Understanding Entrepreneurial Family Businesses in Uncertain Environments

Understanding Entrepreneurial Family Businesses in Uncertain Environments

Opportunities and Resources in Latin America

Edited by Mattias Nordqvist, Giuseppe Marzano, Esteban R. Brenes, Gonzalo Jiménez and Maria Fonseca-Paredes

Understanding Entrepreneurial Family Businesses in Uncertain Environments, the third volume in the STEP series, is uniquely centered on familial entrepreneurial activity in Latin America. The contributions, based on empirical evidence and an overall theoretical framework, focus on practical learning in addition to the advancement of scholarly knowledge.

Chapter 6: Entrepreneurship in Transgenerational Processes by Means of Social Capital

Marcela Ramírez-Pasillas, Fernando Sandoval-Arzaga and María Fonseca-Paredes

Subjects: business and management, entrepreneurship, family business

Extract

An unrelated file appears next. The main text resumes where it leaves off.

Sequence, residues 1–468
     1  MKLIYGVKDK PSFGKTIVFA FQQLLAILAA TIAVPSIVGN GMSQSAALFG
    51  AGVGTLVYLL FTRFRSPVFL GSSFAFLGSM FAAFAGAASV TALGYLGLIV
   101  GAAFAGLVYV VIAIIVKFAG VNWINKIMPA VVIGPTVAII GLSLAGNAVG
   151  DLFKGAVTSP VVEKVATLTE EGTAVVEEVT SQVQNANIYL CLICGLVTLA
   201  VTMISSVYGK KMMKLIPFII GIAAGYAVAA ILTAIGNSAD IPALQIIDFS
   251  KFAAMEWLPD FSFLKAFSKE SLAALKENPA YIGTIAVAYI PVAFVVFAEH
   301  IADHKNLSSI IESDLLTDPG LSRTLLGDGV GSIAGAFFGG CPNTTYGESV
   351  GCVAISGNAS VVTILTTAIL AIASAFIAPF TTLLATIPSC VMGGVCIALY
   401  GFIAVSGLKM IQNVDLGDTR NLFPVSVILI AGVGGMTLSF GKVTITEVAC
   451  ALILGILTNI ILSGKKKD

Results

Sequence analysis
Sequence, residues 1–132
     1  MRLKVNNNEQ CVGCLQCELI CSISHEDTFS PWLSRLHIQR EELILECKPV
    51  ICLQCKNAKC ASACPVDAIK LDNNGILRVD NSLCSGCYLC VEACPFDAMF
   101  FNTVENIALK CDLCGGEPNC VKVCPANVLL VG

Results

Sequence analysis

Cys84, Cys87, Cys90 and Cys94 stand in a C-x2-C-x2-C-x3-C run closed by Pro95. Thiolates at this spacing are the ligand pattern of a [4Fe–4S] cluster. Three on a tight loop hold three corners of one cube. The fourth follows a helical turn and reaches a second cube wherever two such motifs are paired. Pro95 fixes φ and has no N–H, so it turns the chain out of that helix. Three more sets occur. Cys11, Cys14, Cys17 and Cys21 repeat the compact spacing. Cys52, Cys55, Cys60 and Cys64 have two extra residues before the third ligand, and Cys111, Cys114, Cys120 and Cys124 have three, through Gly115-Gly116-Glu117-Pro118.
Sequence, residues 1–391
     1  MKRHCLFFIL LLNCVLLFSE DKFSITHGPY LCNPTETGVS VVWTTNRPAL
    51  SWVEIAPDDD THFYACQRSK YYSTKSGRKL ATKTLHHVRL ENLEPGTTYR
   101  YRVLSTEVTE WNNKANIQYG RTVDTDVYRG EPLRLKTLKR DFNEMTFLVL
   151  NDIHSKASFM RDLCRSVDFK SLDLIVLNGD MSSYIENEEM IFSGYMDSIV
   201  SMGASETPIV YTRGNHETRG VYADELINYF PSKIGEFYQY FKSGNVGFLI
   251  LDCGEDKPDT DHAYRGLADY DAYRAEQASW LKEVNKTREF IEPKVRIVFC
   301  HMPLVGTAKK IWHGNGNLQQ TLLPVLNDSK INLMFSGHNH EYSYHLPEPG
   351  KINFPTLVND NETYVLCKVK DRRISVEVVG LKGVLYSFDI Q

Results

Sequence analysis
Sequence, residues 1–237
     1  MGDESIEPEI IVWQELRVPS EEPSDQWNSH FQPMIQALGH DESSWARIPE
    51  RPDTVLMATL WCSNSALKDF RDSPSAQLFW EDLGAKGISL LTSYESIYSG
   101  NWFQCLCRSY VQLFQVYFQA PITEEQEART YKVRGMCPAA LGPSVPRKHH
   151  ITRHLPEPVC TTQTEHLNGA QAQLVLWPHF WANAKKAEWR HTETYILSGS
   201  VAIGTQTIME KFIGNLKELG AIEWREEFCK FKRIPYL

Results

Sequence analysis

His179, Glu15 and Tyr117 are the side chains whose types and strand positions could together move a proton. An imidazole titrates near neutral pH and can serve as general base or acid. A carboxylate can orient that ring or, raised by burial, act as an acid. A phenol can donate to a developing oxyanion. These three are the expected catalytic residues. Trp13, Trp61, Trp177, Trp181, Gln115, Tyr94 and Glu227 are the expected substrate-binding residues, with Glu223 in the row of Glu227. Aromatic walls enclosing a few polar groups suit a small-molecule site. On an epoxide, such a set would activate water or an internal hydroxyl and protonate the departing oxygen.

Marcela Ramírez-Pasillas, Fernando Sandoval-Arzaga and María Fonseca-Paredes INTRODUCTION This chapter examines how entrepreneurship in family businesses occurs in transgenerational processes by means of social capital. Based on an in-depth Latin American case study and a theoretical framework that combines the literature of entrepreneurship, family firms and social capital, our aim is to explore the role of social capital in family businesses in realizing potential venture creation during transgenerational processes (that is, across generations). To investigate how entrepreneurship in family businesses occurs, we specifically explore the intersections between the relational and structural dimensions of social capital (Granovetter, 1992) and the autonomy and proactiveness dimensions of the entrepreneurial orientation (EO) (Lumpkin and Dess, 1996). The  relational and structural dimensions of social capital are relevant concepts for addressing relationships and networks when studying entrepreneurship (Johannisson et al., 2002). Autonomy and proactiveness are two dimensions of EO that are of particular relevance to understanding entrepreneurship when studying culture (Hall et al., 2001; Zahra et al., 2004). Although we do not explicitly address uncertain environments, our research case has such a component as it occurs in a Latin American business context. We show that the development of the relational and structural dimensions triggers new businesses when the older generation supports the autonomy and proactiveness of the younger generation. This in turn permits family members of the younger generation to launch improved initiatives. These initiatives range from new and/or improved products to processes and businesses. Failure of 149 M2787 - NORDQVIST TEXT.indd 149 16/11/2011...

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